The USEPA announced today new proposed carbon dioxide limits for new power plants that will set separate standards for coal-fired and natural gas-fired generating units. The proposed limit for new gas plants is 1,000 pounds per megawatt-hour for new gas units and 1,100 pounds per megawatt-hour for smaller gas plants and new coal plants. New coal plants would be allowed to average their emissions over a seven-year period if they agreed to meet a more stringent standard in a range from 1,000 pounds per megawatt-hour to 1,050 pounds per megawatt-hour.
This rule is a new proposal, revising an earlier proposal from April 2012, in which the USEPA had intended to set a single standard of 1,000 pounds per megawatt-hour for both coal- and gas-fired plants. Under the proposal, new power plants would have to install carbon capture and sequestration technologies to comply with the emissions limits outlined for the plants. Those technologies capture carbon dioxide and bury it underground but requiring use of the technologies has been vigorously opposed by industry user groups, which say they are not feasible yet.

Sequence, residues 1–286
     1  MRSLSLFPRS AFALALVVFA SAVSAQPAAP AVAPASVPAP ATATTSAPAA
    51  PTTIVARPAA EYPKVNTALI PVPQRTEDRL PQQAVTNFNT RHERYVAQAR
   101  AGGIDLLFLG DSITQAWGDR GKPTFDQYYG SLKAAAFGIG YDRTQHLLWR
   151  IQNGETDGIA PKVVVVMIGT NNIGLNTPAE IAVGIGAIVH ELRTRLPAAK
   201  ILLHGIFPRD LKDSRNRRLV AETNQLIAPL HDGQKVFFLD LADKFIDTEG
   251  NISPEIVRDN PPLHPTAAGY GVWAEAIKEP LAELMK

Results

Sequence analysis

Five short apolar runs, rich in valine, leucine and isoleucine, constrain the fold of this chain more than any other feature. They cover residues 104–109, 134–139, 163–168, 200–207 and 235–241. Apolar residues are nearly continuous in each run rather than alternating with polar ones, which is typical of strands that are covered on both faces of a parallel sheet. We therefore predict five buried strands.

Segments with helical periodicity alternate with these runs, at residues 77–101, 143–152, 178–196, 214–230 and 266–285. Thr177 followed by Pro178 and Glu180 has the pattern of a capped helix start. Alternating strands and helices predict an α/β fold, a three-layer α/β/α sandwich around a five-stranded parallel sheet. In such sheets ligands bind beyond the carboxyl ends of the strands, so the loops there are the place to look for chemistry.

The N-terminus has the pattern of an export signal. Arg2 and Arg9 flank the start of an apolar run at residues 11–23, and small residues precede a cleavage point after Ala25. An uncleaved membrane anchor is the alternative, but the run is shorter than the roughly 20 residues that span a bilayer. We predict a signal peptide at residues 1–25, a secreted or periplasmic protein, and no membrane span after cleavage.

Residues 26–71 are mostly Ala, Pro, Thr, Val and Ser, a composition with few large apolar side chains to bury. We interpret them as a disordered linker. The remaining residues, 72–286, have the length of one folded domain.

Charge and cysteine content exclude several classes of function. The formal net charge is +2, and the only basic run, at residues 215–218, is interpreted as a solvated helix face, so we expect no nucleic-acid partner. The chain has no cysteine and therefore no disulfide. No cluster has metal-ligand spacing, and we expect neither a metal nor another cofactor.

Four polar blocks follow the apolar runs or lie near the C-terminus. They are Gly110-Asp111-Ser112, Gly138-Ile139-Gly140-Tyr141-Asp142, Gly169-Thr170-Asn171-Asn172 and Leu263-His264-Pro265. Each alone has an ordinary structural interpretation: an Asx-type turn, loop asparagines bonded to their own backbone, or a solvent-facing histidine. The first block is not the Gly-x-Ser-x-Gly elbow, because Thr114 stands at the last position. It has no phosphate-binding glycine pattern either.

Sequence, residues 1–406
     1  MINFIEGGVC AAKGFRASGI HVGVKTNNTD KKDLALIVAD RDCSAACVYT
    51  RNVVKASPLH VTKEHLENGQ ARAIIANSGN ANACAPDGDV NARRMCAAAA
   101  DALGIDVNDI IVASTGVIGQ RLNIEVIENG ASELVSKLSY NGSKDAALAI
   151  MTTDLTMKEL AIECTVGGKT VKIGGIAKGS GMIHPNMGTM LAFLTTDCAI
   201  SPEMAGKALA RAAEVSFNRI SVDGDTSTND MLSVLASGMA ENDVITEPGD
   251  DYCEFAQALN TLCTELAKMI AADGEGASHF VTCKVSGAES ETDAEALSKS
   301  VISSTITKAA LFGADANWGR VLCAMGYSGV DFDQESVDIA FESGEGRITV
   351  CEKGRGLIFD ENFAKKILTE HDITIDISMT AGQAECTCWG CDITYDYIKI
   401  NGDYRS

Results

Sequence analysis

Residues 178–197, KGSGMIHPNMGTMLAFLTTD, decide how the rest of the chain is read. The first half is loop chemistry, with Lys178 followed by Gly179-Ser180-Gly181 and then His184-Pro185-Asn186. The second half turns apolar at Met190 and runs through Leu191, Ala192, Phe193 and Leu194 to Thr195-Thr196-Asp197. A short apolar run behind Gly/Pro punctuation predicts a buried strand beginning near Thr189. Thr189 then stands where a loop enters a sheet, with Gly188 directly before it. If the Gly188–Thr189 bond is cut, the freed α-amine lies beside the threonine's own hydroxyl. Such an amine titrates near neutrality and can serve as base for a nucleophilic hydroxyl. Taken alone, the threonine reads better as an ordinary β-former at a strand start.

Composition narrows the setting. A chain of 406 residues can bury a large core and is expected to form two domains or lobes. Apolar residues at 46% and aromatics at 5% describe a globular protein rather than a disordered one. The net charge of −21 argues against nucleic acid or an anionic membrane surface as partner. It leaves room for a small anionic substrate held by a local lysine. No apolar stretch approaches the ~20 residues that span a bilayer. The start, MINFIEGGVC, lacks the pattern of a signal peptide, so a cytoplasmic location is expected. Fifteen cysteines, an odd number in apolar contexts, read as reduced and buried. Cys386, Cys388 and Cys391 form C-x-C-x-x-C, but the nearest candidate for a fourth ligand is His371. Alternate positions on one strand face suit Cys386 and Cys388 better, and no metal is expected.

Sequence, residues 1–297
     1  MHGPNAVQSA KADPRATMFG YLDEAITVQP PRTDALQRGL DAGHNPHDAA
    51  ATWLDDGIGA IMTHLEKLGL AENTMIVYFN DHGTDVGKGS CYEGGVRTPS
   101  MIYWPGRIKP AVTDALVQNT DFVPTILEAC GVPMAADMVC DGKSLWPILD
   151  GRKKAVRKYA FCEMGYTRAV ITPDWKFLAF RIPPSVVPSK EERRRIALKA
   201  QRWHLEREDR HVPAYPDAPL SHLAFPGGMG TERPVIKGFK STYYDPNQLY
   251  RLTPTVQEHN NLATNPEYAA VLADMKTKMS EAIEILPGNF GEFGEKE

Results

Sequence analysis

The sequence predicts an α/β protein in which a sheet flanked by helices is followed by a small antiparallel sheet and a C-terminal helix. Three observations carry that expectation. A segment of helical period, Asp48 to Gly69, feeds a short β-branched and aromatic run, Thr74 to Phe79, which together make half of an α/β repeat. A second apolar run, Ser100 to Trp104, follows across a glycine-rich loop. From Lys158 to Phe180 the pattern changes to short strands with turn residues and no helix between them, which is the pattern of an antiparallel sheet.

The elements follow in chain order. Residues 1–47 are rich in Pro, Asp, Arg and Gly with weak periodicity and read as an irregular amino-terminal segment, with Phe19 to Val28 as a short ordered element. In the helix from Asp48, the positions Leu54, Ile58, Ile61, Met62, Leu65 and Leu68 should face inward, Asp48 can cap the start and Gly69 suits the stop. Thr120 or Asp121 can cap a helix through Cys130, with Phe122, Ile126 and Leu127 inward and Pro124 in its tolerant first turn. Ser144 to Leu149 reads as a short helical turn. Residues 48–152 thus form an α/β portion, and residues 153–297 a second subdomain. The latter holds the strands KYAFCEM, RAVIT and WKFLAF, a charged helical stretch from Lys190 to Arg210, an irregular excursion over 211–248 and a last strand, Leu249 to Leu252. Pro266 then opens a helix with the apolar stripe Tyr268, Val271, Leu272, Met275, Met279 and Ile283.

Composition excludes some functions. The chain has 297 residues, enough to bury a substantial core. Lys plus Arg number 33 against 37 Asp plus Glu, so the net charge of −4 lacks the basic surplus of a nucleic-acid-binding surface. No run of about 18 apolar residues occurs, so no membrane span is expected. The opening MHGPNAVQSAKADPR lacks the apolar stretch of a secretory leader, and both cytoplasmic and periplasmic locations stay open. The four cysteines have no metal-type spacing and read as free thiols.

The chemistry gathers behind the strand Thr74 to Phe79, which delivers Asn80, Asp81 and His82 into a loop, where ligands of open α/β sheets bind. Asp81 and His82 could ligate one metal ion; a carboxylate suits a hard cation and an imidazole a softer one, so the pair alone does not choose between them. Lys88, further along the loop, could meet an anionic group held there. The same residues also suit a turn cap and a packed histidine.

For more details about this new proposal visit: http://www2.epa.gov/carbon-pollution-standards/2013-proposed-carbon-pollution-standard-new-power-plants. Included are fact sheets, technical sheets, and regulatory impact sheets, along with a link to the previously-proposed 2012 rules for comparison.